Have you ever seen one of those films in which the hero is supposed to meet up with someone who has some key information, only for the informant to turn up at death’s door, a knife in his back, blood on his lips, an obscure word or two left before he shuffles off this mortal coil? Imagine a 326 page book, delivered with the same obscure urgency, a tightly coiled thriller soundtrack yanking the drawstring of tension impossibly tighter with every page that turns. You stand, upon finishing, and turn your face up to the rain wet sky, an unusual expression on your face: you are a witness to the truth, and it is bitter and unpalatable and discomfiting and – yes, thrilling. You are thrilled to your core even as you are overwhelmed with helplessness, defeated, hopeless, depressed, unhappy. Welcome to David Graeber’s The Democracy Project.
A powerful work of nonfiction, Graeber begins by charting the inauspicious beginnings of the Occupy Wallstreet movement and, to begin with at least, there are glimpses of typical activist infighting, snipes and snarks, qualifications and disqualifications, one group pecking at another for lacking authenticity, for doing things for the wrong reasons. This, you may think, is why the Left never accomplishes anything. The right are always so clear, so uniform, so forceful and defiant (of truth and logic and sense) while the Left chase their own tail. And then something clicks (another movie comparison: the book is as the moment when Keanu surfaces eyebrowless from his pod in The Matrix): we start to see an alternate version of events, a version of events that is not reported, that is ignored by the Right and used by the Left as a bargaining chip. Graeber talks of activists whose eyes are gently cotton-budded with pepper spray, activists whose thumbs are broken by police, Ghandian techniques of non-violence met with force reserved for terrorist attacks. We hear of convicts bussed into Occupy camps, illegal raids, useless injunctions, Right and Left united to dismiss the threat of actual democracy.
We shift from Occupy to a short but fascinating history of democracy. This is followed by a kind of activist guidebook, advice on how to foster a new kind of consensus approach, possible theories for new ways it could all work. We look at words, words divorced of meaning used by the people in power (democracy! freedom!), chart their etymology, marvel at how recently the train appeared to leave the tracks. We come to understand, somewhat, why a new political movement would not want to work with or within a system founded on such abject corruption. We shake our heads and become angry about how Obama used the language of activism merely to ensure the status quo remained in place –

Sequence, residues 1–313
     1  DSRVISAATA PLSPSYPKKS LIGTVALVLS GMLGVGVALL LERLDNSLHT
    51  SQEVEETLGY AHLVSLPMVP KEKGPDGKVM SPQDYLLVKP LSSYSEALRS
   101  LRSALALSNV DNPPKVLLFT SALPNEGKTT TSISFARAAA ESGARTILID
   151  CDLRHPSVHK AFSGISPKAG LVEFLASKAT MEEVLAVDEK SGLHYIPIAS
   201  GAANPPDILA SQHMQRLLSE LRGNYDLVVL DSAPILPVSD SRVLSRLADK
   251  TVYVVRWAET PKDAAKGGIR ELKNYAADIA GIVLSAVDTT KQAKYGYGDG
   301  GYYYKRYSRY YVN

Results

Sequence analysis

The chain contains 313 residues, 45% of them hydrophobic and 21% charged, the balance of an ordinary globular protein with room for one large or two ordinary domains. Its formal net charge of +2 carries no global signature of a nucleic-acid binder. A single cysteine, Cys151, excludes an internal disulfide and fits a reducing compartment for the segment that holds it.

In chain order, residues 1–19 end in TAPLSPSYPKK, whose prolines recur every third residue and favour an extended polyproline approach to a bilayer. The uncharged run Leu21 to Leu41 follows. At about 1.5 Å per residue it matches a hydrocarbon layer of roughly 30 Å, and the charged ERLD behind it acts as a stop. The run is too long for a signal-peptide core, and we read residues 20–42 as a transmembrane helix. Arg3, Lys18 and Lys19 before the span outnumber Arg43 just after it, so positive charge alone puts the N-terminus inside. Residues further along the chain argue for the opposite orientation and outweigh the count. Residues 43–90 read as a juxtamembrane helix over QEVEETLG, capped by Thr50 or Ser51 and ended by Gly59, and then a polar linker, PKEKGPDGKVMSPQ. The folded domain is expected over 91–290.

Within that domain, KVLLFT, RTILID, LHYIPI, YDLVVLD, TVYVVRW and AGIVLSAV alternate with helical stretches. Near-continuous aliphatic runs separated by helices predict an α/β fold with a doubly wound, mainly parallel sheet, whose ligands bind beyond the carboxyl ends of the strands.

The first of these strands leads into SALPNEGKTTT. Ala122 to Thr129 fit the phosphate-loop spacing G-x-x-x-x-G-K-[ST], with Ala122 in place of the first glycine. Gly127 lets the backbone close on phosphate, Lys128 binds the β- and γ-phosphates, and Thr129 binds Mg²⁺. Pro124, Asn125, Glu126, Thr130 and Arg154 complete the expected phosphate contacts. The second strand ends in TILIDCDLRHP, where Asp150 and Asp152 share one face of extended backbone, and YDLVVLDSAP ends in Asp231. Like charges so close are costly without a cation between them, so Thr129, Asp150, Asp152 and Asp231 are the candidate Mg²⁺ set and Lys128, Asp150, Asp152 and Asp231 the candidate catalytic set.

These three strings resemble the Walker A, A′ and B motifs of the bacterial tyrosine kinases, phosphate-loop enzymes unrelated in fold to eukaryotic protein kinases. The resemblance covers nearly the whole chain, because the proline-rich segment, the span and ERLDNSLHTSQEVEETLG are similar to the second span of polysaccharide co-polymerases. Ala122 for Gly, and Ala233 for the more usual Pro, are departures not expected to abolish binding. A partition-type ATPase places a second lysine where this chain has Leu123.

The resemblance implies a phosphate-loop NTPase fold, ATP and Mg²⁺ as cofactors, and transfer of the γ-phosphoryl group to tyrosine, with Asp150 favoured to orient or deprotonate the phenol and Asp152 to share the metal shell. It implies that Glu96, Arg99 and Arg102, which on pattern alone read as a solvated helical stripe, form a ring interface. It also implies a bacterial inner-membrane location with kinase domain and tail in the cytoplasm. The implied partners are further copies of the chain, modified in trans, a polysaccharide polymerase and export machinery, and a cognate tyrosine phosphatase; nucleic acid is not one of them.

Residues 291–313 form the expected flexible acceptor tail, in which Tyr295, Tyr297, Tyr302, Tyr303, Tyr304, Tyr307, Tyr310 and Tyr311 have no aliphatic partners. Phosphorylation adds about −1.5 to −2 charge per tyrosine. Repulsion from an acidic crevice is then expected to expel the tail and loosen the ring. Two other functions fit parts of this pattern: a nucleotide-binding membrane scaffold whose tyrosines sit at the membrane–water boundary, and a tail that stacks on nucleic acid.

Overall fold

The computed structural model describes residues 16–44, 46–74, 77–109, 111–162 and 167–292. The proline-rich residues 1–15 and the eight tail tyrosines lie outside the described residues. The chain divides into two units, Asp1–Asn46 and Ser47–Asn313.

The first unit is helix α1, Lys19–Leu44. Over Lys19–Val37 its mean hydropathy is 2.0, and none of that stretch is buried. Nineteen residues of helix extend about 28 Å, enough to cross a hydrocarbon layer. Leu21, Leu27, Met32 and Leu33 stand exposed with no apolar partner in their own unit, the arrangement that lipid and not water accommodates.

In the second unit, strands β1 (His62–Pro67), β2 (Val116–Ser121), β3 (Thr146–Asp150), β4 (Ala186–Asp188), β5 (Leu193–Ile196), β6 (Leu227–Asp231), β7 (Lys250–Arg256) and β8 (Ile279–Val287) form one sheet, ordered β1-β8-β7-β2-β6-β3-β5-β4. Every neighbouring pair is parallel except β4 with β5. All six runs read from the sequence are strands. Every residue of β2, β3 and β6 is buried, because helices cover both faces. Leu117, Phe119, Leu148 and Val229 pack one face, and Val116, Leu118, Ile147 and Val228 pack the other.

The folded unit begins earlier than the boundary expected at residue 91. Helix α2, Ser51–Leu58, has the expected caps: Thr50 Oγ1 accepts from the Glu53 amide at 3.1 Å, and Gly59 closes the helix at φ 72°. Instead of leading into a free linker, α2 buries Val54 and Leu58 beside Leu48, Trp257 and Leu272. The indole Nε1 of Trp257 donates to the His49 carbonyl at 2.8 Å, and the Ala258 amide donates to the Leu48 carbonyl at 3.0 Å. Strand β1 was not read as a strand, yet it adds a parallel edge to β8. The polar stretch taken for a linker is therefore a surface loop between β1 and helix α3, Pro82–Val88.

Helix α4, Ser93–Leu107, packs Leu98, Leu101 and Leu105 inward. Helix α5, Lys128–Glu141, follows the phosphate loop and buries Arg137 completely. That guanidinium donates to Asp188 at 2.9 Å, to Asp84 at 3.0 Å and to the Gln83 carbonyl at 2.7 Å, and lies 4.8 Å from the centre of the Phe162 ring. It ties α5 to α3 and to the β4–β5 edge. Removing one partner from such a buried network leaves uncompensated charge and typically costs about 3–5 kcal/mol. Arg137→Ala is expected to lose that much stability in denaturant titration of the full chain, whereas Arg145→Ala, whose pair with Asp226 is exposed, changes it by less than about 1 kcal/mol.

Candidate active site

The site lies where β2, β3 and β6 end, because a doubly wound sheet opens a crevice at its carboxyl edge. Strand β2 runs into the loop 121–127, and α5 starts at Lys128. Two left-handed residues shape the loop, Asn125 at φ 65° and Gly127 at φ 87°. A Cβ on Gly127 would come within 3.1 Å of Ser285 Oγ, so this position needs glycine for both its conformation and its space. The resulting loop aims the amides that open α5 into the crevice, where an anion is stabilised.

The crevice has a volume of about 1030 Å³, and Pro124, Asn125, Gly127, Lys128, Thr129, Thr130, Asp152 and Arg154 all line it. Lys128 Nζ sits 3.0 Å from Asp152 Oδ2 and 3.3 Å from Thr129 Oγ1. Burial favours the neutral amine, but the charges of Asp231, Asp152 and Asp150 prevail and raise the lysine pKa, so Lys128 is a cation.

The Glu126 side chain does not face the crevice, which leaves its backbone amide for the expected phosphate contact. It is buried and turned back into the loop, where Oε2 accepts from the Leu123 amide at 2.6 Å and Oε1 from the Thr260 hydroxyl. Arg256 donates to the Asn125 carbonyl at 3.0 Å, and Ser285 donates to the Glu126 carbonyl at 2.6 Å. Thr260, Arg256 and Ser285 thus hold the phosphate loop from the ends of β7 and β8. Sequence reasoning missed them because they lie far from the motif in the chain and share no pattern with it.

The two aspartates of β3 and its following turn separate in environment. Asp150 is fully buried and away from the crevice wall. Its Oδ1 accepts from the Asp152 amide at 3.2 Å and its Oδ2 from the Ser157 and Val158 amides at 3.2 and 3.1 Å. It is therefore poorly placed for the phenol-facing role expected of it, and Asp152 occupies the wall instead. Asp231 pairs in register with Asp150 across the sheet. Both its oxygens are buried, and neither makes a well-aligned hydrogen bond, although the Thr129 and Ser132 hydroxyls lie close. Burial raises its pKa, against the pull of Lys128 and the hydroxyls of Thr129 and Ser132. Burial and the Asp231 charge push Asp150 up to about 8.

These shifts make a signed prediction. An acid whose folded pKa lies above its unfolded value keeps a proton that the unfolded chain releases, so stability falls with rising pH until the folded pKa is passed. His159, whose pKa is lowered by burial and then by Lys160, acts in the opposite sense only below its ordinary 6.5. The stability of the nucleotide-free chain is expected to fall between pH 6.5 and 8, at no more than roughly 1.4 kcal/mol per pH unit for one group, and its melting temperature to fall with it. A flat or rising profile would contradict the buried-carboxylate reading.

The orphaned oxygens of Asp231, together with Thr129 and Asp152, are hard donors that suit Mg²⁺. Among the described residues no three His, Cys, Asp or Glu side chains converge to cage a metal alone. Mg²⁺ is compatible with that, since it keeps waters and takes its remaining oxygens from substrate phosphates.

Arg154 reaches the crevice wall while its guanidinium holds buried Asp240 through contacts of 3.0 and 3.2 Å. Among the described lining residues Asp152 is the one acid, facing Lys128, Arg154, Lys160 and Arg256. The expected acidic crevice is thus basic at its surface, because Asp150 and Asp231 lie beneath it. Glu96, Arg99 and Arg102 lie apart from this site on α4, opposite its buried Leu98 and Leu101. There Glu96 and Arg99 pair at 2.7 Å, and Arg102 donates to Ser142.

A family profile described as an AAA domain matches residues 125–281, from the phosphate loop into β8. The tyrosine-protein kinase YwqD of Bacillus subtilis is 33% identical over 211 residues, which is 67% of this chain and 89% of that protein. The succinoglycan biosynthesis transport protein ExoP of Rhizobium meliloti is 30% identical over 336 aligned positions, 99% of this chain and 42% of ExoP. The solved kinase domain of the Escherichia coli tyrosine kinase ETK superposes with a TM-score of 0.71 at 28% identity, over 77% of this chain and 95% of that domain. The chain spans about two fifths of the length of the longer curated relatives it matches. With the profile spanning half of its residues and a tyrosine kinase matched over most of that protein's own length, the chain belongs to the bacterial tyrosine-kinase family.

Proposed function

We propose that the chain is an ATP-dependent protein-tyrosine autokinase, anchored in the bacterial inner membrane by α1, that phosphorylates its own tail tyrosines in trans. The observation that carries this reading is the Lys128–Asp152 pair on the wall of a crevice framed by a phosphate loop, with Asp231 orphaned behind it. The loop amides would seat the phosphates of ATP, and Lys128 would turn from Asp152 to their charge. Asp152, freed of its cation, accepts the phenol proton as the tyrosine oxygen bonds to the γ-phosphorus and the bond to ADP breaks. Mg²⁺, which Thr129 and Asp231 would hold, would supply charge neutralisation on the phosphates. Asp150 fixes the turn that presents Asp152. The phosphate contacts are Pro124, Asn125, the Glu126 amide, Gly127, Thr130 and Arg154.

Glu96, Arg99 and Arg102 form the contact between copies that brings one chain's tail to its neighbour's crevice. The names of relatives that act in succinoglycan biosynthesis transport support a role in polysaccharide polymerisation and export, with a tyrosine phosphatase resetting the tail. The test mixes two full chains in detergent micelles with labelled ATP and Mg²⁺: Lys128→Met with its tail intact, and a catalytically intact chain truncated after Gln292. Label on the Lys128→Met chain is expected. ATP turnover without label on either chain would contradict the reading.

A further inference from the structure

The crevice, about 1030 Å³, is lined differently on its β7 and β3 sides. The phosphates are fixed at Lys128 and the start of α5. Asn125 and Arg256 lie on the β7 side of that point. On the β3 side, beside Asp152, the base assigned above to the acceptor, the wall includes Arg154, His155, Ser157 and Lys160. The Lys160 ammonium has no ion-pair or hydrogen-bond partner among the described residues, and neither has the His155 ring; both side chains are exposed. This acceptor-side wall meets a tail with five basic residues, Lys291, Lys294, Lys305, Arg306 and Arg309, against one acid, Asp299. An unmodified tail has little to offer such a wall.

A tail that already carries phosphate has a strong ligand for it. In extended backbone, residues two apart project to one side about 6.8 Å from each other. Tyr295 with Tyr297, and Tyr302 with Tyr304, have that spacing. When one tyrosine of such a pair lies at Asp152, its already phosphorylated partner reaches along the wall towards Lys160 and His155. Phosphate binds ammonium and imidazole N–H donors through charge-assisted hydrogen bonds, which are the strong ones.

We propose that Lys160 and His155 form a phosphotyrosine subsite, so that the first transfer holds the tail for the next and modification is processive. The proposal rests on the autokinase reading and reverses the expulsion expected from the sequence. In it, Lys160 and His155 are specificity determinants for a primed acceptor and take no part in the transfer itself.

‘No part of the system was shaken up. There were no bank nationalizations, no breakups of ‘too big to fail’ institutions, no major changes in finance laws, no change in the structure of the auto industry, or of any other industry, no change in labor laws, drug laws, surveillance laws, monetary policy, education policy, transportation policy, energy policy, military policy or – most crucially of all, despite campaign pledges – the role of money in the political system.’
There are even suggestions for a possible solution, or a set of solutions, ranging from the establishment of a debt jubilee (something also posited by Auster and Coetzee in Here & Now) to the return of communism (Graeber making an interesting point about how, if someone asks you for a favour, only a real dick would say ‘What’s in it for me?’ – the current system is a system constructed by and for dicks). Democracy was not, we learn, something the Founding Fathers wished to embed in society – they were viciously opposed to the idea, wanted to keep everything for themselves. How do free people organise themselves? It’s a question Graeber doesn’t and arguably cannot answer. He posits a strategy, however,
‘to create alternative institutions, based on horizontal principles, that have nothing to do with the government, and declare the entire political system to be absolutely corrupt, idiotic and irrelevant to people’s actual lives, a clown show that fails even as a form of entertainment…’
There is an acute naivety to this, of course – you can’t go backwards, you can’t forget what has been learned – but taken alongside an admission that most change happens slowly (albeit refracted through the hope of a revolutionary flourishing like the Arab Spring), it does give you a kind of hope, even if the hope is merely of the ‘at least there are people like Graeber in the world’ variety.
Any Cop?: The Democracy Project is so urgent it should be taught in schools.